To transform the enterprise, IT needs to rebrand itself as an innovation and growth engine…
Considered the “father of modern business management,” Peter Drucker believed that the purpose of a business distills down to “creating a customer.” And to do that well, he advised successful business to focus business strategy and resources on two basic functions: “innovation and marketing.” In an era of accelerated AI disruption, on top of rapid digital transformation imposed on companies as the world shut down in 2020, Drucker’s wisdom is worth revisiting, again.
ChatGPT and generative AI seemingly came out of nowhere in late 2022, becoming the fastest-growing tech of all time—faster than TikTok, Instagram, and the iPhone. Achieving 100 million monthly users within 90 days isn’t just a milestone in consumer adoption, it changed the trajectory of every organization for the second time since 2020.
Every CEO is tasking leaders to develop an AI strategy to define not only digital transformation, but also business transformation. According to a report by McKinsey, CMOs are already being charged with driving growth. That leaves CIOs (or CTOs/CDOs) to drive innovation. In my experience however, technology organizations aren’t inherently viewed as innovation leaders. Unfortunately, IT is often viewed as a cost center. But with a mandate to “figure out” generative AI, technology leaders are closer to innovation than anyone can imagine.
This means that technology leaders must become strategic collaborators, alongside CMOs, in driving growth and innovation.
Enhance IT’s Value Proposition and Change the Narrative of the Role Technology Plays in Business Transformation
IT suffers from a branding problem.
Executives commonly mistake it as a cost center that solely exists to manage technology infrastructure, to streamline operations, reduce costs, and improve efficiencies. At the same time IT is continuously expected to do more with less: manage a never-ending pipeline of fixes and improvements, build apps that scale the business, and digitally transform the organization with every new innovation.
But IT is so much more.
I was inspired to write this article following a conversation with ServiceNow’s CMO, Michael Park. At the Knowledge conference earlier this year, Park shared how IT leaders can build internal audiences to gain influence within the organization and earn the support of the C-Suite and important decision-makers.
Technology leaders can borrow a page from the marketing playbook to change the IT narrative from cost-center to innovation factory. IT will benefit from marketing its potential.
AI makes this this conversation necessary as it places every company at a critical juncture.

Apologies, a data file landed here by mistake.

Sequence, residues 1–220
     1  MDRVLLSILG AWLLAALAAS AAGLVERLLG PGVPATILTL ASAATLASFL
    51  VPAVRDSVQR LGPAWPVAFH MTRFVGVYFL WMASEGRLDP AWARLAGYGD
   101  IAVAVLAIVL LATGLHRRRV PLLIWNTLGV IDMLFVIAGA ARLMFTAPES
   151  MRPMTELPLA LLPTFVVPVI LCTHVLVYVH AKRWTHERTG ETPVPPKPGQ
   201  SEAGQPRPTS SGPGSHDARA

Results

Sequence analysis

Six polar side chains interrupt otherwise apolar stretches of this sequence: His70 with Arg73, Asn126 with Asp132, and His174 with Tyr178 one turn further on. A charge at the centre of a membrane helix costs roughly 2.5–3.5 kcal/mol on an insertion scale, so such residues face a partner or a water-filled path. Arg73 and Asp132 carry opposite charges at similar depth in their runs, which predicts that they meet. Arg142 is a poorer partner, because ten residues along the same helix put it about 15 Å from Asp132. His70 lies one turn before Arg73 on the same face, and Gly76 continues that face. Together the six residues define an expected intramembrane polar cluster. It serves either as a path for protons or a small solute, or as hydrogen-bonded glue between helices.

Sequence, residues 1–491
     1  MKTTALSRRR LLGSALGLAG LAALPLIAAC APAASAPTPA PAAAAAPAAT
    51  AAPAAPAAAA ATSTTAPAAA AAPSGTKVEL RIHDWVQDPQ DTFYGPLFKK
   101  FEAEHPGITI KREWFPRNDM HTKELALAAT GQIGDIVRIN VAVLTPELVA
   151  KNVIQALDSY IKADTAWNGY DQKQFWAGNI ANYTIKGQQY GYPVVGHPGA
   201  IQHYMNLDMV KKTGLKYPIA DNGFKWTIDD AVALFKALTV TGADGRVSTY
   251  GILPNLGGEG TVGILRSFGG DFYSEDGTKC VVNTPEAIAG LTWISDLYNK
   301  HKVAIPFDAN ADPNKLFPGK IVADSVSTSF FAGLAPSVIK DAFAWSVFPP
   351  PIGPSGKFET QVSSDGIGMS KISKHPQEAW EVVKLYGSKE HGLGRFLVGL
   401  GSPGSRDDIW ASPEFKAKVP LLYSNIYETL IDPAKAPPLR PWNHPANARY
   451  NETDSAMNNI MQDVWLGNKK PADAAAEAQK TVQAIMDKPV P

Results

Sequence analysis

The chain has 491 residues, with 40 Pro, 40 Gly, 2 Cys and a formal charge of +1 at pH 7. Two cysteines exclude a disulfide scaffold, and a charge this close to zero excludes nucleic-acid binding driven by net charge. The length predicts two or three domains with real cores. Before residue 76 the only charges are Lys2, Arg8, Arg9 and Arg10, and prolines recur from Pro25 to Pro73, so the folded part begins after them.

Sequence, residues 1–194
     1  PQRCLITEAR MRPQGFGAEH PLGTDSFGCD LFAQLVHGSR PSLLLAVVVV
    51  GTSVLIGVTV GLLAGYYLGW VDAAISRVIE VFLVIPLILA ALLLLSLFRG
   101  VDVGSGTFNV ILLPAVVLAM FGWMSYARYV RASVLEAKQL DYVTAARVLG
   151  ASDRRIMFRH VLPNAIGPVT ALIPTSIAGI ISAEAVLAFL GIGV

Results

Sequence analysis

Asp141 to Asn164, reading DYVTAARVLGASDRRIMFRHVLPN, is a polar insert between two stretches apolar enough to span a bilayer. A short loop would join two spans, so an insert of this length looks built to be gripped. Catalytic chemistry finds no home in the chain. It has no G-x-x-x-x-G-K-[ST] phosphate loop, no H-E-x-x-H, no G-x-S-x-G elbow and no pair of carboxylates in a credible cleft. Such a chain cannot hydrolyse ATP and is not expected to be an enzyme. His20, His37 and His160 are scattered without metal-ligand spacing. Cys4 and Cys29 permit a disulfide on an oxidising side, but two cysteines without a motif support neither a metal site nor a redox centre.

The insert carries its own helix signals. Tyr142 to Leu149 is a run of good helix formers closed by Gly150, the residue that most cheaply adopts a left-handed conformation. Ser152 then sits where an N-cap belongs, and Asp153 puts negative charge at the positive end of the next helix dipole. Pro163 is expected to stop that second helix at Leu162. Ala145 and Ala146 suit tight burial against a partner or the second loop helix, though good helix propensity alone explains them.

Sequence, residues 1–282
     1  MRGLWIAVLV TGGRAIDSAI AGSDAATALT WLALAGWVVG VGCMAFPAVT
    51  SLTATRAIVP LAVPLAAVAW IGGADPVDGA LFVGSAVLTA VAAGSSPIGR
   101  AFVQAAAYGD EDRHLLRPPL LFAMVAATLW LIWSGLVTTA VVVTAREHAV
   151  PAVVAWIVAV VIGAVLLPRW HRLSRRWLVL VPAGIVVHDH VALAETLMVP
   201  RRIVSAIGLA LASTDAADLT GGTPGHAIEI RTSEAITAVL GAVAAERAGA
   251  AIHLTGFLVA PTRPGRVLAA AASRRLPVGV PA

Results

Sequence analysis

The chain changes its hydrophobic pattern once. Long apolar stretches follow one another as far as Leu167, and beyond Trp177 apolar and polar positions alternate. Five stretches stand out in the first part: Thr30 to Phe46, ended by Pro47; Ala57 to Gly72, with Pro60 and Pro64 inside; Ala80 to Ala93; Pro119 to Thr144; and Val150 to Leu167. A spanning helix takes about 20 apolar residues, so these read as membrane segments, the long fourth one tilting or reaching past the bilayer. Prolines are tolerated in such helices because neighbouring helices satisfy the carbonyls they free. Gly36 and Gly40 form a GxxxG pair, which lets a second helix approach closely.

In what’s quickly becoming an AI-first world, a cost-center mentality is only going to limit the potential business and operational model innovation to better serve customers.
Now’s the time to ask different and better questions about the organization and how it works, to solve bigger problems in new ways, and rethink models that support tomorrow’s enterprise. IT becomes instrumental in driving change that achieves growth and performance within each function and line of business—and across the enterprise.
This is the exact moment for IT to rebrand itself within the company as a partner in not just digital, but also business and operational transformation.
Start by changing IT’s narrative and the story you tell decision-makers about your work and purpose. This is now a story about value-creation and enablement as AI reshapes the landscape.
Rethink Transformation with a Greater Purpose
Generative AI isn’t just another technology to incorporate into the tech stack. It’s the next iteration of business—an industrial revolution—that rivals the internet and mobile revolutions. It doesn’t just automate work or make it better, faster, or more scalable. It invites creative leaders to rethink what a business needs to look like in 2030, 2040, and beyond.
When digital transformation happens with multiple stakeholders working across sectors of the enterprise, the potential outcome can be much more expansive, meaningful, and revolutionary. Your unique viewpoints are valuable and important and cannot be overlooked or presumed.
There are two key steps you need to take to become a catalyst for business transformation in your organization.
1) Shift your mindset
Expand your thinking about your job. Instead of fixating only on your day-to-day tasks, you need to become a system-level thinker focused on the broader goals of your organization.
Russell Lincoln Ackoff was an American organizational theorist, consultant, and Anheuser-Busch Professor Emeritus of Management Science at the Wharton School. He was also a pioneer in systems thinking. As the saying goes, the sum is much greater than the parts. In his work, Ackoff observed that the sum is only as great as the parts in motion together. “Performance of the system depends on how the parts interact, never on how they act when taken separately,” he found.